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The Supreme Court affirmed in part and reversed in part the judgment of the trial court convicting Defendant of one count of unlawful use of electronic means to induce a minor to engage in sexual or other prohibited activities and six counts of possession of matter portraying a sexual act by a minor, holding that the convictions for possessing child pornography videos must be reversed.The Supreme Court reversed Defendant's four conviction resulting from possessing four videos containing child pornography and otherwise affirmed, holding (1) the trial court abused its discretion under Ky. R. Evid. 403 when it failed to review the child pornography videos before the videos were admitted into evidence and played in full; and (2) there was sufficient evidence proving that Defendant knowingly possessed child pornographic images and videos on his computer, and therefore, the trial court did not err by denying a directed verdict on those charges. View "Carpenter v. Commonwealth" on Justia Law

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The Supreme Court reversed Defendant's convictions for arson and attempted arson and otherwise affirmed, holding that the trial court erred in failing to grant a directed verdict in Defendant's favor as to the counts for arson in the first degree and attempted arson.Specifically, the Supreme Court held (1) hearsay statements regarding the victims' fear of Defendant were admissible under Ky. R. Evid. 803(3)'s state-of-mind exception; (2) the trial court did not err in permitting witnesses to invoke their Fifth Amendment privilege against self-incrimination; (3) the trial court properly precluded Defendant from presenting an aaltperp defense; (4) the trial court properly admitted physical evidence; (5) Defendant was entitled to a directed verdict on the charges of first-degree arson and attempted first-degree arson; (6) Defendant was not entitled to a directed verdict on the charges for murder; (7) Defendant's burglary convictions did not violate double jeopardy protections; and (8) reversal was not required on grounds of cumulative error. View "Martin v. Commonwealth" on Justia Law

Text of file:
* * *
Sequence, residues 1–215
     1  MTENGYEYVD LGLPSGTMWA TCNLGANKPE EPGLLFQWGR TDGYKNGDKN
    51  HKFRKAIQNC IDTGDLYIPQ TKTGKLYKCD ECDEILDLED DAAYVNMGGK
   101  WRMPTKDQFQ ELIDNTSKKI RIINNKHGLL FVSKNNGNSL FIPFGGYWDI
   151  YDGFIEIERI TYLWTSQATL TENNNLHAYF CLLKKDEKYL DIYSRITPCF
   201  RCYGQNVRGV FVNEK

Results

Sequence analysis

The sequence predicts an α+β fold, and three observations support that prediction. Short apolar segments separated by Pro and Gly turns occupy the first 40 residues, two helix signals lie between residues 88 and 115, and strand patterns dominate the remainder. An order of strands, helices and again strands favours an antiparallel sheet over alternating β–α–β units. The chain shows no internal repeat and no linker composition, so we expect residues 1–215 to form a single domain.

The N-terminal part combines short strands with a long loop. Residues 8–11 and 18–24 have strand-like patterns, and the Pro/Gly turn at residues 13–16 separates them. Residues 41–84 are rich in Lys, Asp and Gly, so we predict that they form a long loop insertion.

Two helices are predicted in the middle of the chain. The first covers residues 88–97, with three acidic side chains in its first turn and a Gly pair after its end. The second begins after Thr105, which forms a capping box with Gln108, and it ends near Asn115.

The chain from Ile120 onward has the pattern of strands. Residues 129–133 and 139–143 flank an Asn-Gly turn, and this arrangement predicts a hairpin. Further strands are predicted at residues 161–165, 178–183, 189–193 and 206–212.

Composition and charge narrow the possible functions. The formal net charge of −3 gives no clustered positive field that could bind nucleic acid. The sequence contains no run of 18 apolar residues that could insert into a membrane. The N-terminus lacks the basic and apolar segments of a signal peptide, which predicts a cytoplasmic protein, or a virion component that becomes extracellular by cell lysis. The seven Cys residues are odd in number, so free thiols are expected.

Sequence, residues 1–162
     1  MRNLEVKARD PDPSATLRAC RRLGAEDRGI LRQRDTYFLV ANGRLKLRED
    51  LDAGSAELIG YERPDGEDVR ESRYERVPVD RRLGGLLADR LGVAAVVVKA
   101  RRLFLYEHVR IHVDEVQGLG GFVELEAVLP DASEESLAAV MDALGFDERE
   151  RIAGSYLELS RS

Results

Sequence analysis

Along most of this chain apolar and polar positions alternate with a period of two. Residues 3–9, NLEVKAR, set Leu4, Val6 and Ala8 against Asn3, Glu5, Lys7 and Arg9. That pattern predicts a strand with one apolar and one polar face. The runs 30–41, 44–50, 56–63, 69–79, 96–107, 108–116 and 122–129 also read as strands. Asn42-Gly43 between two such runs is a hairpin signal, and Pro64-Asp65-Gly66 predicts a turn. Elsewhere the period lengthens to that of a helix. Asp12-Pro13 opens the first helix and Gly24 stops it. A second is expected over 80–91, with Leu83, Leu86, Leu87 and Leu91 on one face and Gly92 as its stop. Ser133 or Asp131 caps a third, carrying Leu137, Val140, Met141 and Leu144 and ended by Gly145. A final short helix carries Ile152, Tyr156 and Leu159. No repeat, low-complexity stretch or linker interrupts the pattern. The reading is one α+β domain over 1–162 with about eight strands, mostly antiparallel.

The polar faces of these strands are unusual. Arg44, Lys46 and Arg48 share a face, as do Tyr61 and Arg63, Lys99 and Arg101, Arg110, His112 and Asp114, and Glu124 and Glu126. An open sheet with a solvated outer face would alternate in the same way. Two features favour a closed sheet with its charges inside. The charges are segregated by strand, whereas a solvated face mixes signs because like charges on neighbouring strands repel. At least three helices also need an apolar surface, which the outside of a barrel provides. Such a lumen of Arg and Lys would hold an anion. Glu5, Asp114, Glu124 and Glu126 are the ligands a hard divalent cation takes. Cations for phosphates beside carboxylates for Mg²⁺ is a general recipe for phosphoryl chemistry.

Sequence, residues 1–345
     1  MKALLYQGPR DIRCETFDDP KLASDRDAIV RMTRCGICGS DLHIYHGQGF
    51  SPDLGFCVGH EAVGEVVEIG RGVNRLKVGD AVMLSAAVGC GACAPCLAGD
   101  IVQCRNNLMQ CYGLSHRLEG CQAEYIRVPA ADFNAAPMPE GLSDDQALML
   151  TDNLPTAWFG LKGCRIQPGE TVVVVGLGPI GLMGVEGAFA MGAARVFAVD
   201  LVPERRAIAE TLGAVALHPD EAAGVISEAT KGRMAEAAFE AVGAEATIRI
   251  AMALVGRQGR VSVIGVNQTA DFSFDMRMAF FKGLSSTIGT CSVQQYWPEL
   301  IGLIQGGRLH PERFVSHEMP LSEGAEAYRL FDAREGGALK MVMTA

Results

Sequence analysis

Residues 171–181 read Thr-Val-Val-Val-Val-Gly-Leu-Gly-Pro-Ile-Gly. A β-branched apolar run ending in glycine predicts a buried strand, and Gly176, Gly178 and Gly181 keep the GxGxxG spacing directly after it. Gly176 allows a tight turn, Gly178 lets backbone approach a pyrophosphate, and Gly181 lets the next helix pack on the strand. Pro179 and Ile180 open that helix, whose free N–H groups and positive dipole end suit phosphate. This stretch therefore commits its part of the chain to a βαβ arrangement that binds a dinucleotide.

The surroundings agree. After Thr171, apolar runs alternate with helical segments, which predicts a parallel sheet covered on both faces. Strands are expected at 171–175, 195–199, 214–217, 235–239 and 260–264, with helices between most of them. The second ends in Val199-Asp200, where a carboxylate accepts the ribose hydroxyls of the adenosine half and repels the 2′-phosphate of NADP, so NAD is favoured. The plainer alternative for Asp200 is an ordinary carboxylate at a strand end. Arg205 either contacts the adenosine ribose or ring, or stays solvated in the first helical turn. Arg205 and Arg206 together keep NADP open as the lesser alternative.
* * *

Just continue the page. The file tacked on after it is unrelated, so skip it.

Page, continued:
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The Supreme Court affirmed the judgment of the circuit court convicting Defendant of first-degree sexual abuse, incest, sodomy, and other offenses and sentencing him to a total of fifty years' imprisonment, holding that there was no error.Specifically, the Supreme Court held (1) the tampering instruction did not yield a verdict that violated the unanimous jury requirement; (2) the trial court did not err in denying Defendant's renewed motion to sever the child pornography charges; (3) the trial court did not err in admitting evidence of adult messaging app communications; and (4) the Commonwealth's comments during closing arguments did not warrant reversal. View "Behrens v. Commonwealth" on Justia Law